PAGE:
I recently toured a high-end condominium building under construction that’s a bit more than half finished.
As I walked around studs, past installed windows to check out the view from the balcony, I listened to the developer and his attorney talk about how the developer had finally purchased the last house on the block, after nearly a 10-year wait, for about $600,000 more than he wanted to spend.
Ah yes. Another overnight real estate success story.
At least Matthew Martinez, unlike so many other real estate book authors, doesn’t promise you’ll get rich overnight in real estate. He claims it’ll take at least 24 months to bank your first million — and it’ll involve a little luck plus a lot of hard work.
In his new book, 2 Years to a Million in Real Estate (McGraw Hill, $21.95), Martinez, founder of the Boston-based Landlord and Investor Group (landlordandinvestorgroup.com), tells the story of his years as a high-flying director of international business development for Lycos, at one time a top portal and search engine.
But when the company began to downsize 50 to 100 people at a time, Martinez realized he would eventually be on the hit list. So, he began acquiring rental properties, following in the footsteps of hundreds of thousands of other taxpayers who declare more than a million dollars in income on their income tax returns.
He bought his first property, a condo, as a place to live in the year 2000. While he says he’d now never recommend purchasing a condominium as an investment (“It’s unlikely that you’ll generate enough income to pay all the carrying costs associated with the property,” he writes.) he bought it to live there while he traveled the globe for Lycos. The property rose so much in value that two years later, he was able to make several rental property purchases using the equity.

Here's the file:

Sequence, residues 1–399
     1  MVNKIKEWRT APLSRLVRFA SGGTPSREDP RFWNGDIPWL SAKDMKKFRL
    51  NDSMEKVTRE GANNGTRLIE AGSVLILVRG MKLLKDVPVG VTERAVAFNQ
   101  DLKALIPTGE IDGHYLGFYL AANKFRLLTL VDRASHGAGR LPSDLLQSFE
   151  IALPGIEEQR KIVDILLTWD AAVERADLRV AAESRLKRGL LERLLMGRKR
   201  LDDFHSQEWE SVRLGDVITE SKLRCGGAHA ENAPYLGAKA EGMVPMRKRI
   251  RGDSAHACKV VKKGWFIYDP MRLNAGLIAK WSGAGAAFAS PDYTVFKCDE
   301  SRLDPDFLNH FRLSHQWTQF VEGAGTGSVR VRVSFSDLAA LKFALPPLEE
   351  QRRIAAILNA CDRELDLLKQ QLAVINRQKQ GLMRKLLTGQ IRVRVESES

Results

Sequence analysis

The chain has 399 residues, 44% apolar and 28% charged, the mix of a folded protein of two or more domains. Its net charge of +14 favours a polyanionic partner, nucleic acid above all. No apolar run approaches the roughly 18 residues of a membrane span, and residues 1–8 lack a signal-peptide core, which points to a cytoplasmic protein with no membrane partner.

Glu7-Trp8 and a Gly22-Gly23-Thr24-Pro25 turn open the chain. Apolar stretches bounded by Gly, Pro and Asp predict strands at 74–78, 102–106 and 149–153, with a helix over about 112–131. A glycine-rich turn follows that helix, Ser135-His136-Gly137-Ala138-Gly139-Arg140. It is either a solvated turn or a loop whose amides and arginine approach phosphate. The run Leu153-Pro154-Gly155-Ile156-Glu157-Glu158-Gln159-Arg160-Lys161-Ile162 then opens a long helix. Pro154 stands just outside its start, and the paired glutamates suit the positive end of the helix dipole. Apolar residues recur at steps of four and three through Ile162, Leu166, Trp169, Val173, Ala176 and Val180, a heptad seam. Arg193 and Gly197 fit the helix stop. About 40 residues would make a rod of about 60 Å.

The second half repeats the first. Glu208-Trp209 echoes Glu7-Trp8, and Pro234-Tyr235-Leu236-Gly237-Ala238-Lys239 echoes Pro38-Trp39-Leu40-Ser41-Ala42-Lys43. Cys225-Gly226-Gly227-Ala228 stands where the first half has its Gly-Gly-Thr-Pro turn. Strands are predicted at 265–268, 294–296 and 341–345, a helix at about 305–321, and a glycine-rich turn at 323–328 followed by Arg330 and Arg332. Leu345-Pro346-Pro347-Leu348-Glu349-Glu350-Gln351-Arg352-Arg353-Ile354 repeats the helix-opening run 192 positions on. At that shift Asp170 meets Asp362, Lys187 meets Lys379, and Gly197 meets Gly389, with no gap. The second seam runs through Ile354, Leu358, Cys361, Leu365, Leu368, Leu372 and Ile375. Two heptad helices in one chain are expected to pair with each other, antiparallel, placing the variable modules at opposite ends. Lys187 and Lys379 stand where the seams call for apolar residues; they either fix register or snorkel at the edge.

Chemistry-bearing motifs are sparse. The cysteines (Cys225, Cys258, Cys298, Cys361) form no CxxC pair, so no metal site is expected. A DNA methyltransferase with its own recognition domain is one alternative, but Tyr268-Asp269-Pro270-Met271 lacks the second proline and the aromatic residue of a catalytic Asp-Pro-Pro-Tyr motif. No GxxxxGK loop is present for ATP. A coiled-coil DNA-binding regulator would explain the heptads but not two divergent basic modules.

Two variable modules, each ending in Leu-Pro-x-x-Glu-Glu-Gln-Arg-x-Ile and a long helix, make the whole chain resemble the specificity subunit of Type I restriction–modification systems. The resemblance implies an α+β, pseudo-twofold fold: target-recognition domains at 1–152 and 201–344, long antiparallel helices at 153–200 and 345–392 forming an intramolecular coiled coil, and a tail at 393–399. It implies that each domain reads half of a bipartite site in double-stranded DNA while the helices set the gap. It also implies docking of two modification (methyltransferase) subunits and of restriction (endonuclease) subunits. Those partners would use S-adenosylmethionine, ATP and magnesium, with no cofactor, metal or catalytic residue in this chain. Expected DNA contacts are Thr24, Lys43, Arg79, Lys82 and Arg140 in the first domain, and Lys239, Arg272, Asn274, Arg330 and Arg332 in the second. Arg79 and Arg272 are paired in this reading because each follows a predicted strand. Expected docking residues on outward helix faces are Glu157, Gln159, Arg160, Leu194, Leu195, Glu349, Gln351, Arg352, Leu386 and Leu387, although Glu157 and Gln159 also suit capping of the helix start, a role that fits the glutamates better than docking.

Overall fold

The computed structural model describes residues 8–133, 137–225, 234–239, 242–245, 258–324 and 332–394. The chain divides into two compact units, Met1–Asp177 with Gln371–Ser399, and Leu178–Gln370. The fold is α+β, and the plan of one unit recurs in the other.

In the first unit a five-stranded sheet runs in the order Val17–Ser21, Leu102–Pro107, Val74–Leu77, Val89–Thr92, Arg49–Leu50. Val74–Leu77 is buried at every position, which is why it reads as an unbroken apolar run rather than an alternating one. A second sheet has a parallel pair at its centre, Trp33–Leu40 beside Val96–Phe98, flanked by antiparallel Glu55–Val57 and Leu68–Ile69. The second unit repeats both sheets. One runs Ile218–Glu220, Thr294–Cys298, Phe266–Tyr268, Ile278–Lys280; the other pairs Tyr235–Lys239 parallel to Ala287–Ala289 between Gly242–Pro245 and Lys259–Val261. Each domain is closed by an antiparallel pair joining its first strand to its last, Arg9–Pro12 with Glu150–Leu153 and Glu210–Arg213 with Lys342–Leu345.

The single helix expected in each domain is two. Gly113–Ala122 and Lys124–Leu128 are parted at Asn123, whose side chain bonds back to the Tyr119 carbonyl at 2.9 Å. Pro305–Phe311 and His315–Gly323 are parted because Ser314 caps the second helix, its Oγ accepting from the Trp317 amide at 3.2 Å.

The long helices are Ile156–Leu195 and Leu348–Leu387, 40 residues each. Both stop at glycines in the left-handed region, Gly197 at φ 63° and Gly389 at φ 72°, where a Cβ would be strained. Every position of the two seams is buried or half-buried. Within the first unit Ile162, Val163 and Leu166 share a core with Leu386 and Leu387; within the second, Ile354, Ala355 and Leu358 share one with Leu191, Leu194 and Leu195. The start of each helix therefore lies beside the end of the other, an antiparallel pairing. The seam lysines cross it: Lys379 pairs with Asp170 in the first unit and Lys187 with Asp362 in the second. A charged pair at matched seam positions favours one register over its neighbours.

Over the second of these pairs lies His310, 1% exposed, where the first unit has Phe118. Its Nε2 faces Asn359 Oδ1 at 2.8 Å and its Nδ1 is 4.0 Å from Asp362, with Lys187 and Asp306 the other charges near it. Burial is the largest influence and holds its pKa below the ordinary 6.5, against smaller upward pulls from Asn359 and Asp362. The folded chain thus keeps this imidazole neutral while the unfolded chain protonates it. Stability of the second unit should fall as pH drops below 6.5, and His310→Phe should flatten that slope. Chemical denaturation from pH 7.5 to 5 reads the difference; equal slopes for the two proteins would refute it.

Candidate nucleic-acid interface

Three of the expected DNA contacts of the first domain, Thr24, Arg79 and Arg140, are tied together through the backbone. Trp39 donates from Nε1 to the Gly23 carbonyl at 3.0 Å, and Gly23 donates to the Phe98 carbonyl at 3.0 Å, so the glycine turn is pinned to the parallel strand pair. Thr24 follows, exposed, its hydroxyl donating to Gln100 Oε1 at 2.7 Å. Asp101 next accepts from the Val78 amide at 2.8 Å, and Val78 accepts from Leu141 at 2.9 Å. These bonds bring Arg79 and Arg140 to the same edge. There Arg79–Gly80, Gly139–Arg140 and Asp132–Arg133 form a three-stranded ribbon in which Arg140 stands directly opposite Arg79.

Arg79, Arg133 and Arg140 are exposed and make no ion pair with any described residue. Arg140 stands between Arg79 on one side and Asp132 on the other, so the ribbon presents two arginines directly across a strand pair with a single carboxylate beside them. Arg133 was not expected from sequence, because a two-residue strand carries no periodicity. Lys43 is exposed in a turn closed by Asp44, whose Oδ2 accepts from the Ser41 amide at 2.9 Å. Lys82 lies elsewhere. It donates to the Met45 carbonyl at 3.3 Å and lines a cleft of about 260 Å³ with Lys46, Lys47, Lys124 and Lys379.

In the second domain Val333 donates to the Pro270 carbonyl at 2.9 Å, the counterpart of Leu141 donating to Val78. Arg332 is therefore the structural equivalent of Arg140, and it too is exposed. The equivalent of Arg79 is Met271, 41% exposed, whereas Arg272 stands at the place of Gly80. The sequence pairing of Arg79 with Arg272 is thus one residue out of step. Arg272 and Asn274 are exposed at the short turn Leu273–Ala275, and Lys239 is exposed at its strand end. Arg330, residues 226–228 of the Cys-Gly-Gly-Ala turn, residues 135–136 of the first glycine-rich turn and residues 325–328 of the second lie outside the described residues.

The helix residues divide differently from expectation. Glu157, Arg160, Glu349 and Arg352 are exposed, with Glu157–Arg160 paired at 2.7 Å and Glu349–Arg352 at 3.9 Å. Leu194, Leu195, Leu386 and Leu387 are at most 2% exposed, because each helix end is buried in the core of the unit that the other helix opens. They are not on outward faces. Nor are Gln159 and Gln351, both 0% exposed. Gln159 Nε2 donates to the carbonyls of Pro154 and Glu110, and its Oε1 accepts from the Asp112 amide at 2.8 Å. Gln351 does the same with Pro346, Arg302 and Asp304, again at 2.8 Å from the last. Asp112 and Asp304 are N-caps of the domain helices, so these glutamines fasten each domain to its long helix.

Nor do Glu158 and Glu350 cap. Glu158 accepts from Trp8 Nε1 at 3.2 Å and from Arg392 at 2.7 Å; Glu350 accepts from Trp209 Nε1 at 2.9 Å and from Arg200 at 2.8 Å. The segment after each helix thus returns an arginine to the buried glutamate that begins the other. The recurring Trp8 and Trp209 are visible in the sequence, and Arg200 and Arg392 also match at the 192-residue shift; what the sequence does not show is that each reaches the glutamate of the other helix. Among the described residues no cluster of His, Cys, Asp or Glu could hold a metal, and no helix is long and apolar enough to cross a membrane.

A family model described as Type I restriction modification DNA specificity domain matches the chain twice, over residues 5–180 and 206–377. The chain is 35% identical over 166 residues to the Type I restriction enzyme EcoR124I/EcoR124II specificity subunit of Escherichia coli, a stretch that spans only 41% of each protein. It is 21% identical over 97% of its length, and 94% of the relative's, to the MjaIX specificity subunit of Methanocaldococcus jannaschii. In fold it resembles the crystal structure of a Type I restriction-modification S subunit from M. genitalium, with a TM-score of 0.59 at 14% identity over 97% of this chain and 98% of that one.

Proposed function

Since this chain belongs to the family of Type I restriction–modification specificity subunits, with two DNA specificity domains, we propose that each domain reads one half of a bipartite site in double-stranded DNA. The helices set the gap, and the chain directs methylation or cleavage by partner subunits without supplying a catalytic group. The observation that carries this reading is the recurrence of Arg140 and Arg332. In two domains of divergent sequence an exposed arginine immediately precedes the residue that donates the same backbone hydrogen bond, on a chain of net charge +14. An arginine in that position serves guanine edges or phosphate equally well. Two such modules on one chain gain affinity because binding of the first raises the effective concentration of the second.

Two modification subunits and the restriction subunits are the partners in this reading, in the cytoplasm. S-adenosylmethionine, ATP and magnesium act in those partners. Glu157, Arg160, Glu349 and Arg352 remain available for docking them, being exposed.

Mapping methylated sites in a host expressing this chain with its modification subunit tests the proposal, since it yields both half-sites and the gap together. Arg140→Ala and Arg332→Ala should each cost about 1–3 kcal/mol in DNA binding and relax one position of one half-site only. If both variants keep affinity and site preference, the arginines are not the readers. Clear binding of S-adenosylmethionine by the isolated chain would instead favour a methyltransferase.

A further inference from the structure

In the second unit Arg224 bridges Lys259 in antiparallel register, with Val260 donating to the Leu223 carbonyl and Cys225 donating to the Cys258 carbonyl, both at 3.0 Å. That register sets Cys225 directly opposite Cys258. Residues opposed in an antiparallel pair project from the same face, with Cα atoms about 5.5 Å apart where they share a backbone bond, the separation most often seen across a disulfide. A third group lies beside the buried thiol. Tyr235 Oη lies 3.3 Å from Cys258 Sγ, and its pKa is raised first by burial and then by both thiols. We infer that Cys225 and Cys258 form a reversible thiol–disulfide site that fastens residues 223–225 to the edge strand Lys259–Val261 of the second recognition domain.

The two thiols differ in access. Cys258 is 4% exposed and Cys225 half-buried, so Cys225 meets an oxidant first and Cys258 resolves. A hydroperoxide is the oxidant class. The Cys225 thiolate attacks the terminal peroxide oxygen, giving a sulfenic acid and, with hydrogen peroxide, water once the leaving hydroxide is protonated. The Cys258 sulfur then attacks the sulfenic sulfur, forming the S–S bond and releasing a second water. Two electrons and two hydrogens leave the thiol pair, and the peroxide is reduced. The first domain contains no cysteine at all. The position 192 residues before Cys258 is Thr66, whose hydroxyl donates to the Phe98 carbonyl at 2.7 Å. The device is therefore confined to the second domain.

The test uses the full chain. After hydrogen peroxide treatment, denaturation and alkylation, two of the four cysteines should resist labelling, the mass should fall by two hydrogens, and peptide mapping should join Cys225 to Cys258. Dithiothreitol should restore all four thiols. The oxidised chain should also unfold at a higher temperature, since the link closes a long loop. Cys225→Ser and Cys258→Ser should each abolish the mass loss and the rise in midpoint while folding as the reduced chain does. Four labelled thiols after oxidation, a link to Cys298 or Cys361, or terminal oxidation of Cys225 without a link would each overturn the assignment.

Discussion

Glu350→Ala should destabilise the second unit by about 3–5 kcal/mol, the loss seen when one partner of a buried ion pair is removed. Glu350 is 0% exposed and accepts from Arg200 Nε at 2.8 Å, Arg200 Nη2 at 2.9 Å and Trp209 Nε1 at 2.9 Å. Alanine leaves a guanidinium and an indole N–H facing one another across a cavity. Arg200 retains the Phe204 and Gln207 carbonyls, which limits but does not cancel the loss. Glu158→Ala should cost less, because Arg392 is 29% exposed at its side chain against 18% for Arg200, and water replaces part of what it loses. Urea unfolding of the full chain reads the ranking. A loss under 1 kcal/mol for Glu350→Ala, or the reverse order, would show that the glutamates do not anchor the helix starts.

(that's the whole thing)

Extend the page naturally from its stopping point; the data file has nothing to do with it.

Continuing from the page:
In 2002, after his boss left Lycos, Martinez decided it was time to start investing.
His strategy included buying properties within a 30-minute drive from his residence, locating up and coming neighborhoods and buying property there, buying property near public transportation and close to major job centers, never buy property with negative cash flow, and choose neighborhoods that he felt safe and comfortable visiting.
Martinez then visited all of the major real estate brokerage firms that dealt with multi-family sales. At each one, he asked to speak to the most experienced agent and then “pestered” that person to keep him in mind if they got a new listing that fit his criteria. Finally, he got a call from an agent who offered to show him a 3-unit building that day, since she was listing it the next day.
He went over, and instantly made an offer that was 15 percent less than the list price. The seller countered and they made a deal before the day was over. The property was never listed. He then refinanced his condo, took the equity and put 20 percent down on the property.
Within a few weeks, he bought a 3-unit building that had been completely rehabbed and was going to be sold as condominiums. Martinez bought the whole building and rented out the units. By the end of 2002, he had 6 rental units and property valued at $840,000.
By June, 2003, Martinez had 12 rental units and rental properties valued at $1.8 million, and by April, 2004, “I was generating sufficient after-tax cash flow from my rental properties to leave the 9-to-5 world,” he writes. “I accomplished this feat in less than two years and was thrilled at the prospect of no longer having to work for someone else.”
Although he admits that the real estate world has changed from the turn of the millennium, he believes that landlords will profit. Higher interest rates mean fewer people can afford to buy a home. So, they’ll rent. Those homeowners who used exotic mortgages like option ARMs and interest-only loans may find their loan payments unaffordable after the interest rate adjusts. They’ll also rent.
“Landlords stand to make a fortune in the coming years,” Martinez notes.
For landlords wondering how to make the most of their available tax deductions, check out the new edition of Every Landlord’s Tax Deduction Guide (Nolo.com, $34.99), written by Stephen Fishman, an attorney and author of other tax books.